If you've been told you have the diagnosis of elevated calcium, hypercalcemia or likely have hyperparathyroidism, but you haven't been provided with a clear road forward, then this book is speaking to you.

The Patient's Guide to Hyperparathyroidism written by Dr. Lawrence Gordon, provides a step-by-step guide to help you navigate the decisions influencing your care when you have been diagnosed with hypercalcemia or hyperparathyroidism.

Kidney Stones and Hyperparathyroidism

Kidney stones or nephrolithiasis is the condition where a solid piece of material or “stone” forms in the kidney or ureter. Signs of kidney stones include back or flank pain, blood in the urine, fever, chills or a burning sensation on urination. Kidney stones can be one of the most painful and significant side effects of hyperparathyroidism.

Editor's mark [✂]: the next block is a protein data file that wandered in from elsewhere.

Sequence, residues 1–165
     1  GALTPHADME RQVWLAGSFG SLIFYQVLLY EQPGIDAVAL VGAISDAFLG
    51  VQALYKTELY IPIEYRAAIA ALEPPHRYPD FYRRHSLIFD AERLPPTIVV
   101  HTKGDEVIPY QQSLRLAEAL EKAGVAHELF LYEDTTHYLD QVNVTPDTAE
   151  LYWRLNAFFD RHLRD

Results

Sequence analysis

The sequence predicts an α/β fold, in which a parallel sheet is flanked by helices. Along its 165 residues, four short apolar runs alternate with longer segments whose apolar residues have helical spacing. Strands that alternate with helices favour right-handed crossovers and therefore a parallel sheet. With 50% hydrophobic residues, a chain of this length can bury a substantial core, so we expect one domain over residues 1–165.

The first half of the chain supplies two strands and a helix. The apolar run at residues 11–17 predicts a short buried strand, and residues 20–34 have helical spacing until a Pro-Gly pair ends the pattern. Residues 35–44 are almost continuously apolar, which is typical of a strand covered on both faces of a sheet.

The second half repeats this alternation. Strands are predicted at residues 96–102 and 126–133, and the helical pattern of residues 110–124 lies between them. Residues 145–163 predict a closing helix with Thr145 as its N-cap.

The most common chemicals that make up a kidney stone are calcium together with oxalate or phosphate. Although there may be many causes for kidney stones, hyperparathyroidism is a condition that frequently goes underdiagnosed and unnoticed. The higher calcium concentration in the urine from hyperparathyroidism creates an environment in the urine more favorable to the formation of kidney stones.

If you have kidney stones and an elevated blood calcium level, you should be checked for primary hyperparathyroidism.  Ask your urologist to check a blood calcium and PTH level.  They will also likely perform a procedure called a cystoscopy. Click here to watch a video on kidney stones.